Emotionally vulnerable children on the rise in B.C., study says
1 in 3 kindergarteners start school with emotional maturity issues in critical areas, says UBC study
A new study suggests the rate of emotionally vulnerable children is on the rise in B.C.
Up to a third of B.C. kindergarteners face challenges in areas critical to physical and mental development, according to Early Development Instrument data — a tool that measures children's developmental health.
The numbers, gathered by UBC's Human Early Learning Partnership, analyzed 43,00 students across the province and found an increased rate of children who are emotionally vulnerable, meaning they have greater difficulties paying attention, a harder time controlling their aggression and are susceptible to anxiety.
"These early years of development are so important for preventing problems early on and for predicting school achievement and adult success," said Kim Schonert-Reichl, HELP's director.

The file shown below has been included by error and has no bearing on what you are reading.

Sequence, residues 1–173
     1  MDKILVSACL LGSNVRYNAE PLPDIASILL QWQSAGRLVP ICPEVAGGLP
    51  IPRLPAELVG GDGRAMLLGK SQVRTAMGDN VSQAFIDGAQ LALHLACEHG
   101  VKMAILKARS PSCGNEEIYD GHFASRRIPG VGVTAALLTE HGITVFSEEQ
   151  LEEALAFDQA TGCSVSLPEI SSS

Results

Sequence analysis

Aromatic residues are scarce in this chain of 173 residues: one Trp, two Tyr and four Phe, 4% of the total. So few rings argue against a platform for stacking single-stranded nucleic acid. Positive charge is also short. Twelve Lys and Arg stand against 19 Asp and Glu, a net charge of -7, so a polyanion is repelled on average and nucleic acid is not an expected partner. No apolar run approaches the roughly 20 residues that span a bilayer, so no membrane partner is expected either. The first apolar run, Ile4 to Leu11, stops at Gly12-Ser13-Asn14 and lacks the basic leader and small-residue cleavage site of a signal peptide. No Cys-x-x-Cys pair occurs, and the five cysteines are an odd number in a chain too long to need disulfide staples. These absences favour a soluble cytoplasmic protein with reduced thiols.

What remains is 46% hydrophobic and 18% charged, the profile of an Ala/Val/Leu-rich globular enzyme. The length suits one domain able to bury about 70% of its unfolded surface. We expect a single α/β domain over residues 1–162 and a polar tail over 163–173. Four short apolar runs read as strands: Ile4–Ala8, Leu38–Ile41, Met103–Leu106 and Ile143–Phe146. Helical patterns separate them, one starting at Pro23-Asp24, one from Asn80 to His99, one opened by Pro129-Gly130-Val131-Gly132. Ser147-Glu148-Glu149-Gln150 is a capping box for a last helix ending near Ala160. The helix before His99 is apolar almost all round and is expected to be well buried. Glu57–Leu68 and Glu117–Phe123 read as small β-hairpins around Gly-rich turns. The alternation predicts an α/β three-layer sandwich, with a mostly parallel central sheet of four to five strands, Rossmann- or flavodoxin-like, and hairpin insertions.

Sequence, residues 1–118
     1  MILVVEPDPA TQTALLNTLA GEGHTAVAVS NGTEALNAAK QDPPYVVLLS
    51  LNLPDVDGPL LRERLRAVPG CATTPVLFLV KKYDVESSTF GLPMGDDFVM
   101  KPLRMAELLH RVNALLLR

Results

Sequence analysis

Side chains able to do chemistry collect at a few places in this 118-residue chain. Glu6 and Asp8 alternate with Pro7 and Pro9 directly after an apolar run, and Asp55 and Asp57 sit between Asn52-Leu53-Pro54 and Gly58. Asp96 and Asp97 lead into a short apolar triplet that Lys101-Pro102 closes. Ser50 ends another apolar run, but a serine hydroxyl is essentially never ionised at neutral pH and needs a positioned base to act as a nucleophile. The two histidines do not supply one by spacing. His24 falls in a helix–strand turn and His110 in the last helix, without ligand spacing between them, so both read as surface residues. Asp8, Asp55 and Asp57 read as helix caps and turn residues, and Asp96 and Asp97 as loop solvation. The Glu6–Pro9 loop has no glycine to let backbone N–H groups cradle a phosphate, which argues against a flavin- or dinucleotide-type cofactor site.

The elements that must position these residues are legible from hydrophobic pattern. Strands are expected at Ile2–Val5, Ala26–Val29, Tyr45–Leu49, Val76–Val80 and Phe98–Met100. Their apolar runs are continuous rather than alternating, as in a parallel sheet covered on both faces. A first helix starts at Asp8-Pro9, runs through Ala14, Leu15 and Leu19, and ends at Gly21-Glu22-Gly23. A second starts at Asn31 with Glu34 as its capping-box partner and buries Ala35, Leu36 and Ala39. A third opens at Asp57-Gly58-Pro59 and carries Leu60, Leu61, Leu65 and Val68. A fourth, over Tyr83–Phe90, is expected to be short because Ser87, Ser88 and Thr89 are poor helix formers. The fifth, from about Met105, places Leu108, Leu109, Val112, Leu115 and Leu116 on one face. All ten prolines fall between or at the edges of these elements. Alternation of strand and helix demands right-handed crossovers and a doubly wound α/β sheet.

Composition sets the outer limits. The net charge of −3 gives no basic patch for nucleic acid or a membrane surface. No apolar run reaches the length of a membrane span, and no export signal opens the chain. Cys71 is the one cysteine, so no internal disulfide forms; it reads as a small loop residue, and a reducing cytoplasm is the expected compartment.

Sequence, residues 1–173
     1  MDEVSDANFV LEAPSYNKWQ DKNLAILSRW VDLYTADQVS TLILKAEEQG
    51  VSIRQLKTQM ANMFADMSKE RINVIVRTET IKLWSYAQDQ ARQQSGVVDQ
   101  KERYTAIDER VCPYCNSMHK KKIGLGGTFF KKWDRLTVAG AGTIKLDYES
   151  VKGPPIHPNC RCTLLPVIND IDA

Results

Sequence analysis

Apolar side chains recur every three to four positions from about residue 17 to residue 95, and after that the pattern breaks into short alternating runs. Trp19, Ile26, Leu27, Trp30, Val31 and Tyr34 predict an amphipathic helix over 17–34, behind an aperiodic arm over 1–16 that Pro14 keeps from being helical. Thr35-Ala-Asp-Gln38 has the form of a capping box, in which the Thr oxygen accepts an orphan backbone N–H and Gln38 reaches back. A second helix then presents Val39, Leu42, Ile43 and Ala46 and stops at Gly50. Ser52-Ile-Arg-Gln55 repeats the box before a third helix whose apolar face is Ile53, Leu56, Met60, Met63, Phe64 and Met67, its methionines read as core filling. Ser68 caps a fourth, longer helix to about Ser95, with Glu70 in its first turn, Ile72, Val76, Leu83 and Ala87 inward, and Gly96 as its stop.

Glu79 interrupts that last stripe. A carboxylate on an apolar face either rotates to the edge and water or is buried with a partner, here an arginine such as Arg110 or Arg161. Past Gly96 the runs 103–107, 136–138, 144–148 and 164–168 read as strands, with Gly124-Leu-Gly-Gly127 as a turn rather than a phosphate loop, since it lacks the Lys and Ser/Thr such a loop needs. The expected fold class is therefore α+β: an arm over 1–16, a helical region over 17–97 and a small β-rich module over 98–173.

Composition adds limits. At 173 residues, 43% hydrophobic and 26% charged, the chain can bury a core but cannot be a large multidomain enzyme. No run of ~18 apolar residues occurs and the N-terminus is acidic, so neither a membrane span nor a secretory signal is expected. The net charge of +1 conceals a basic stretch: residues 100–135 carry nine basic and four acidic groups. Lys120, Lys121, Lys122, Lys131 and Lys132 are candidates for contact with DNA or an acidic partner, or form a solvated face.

Since 2004, rates of emotional immaturity in kindergarteners has climbed from 11.9 per cent to 16.1 per cent,
Deficiencies in social competence and physical fitness are also on the rise, the study suggests.
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"These are children who are vulnerable, who do not meet the typical pattern of that developmental period," she said.
The HELP institute has been gathering data on kindergarteners since 2001 and in many cases follows the progress of students up until graduation to determine exactly how early-onset vulnerabilities can influence their performances in both school in adulthood.
According to the report, children with developmental vulnerabilities are likely to have difficulties later in life, including struggling with school or experiencing anxiety and depression.
The report also found 32.2 per cent of children in kindergarten have at least one developmental vulnerability.
Upswing in literacy
But not all of the study's findings were negative.
The report also found that language and cognitive competence seem to be improving across the province.
The improvement might be due in part to province-wide investments in literacy programs, changes in B.C.'s public education system and access to technology, says Schonert-Reichl.
According to the researcher, expansive studies like the EDI are what's needed to begin shifting policy and education to match the needs of children.
"Unless you have the data to know how the children are doing, you can't make the changes that are necessary," she said.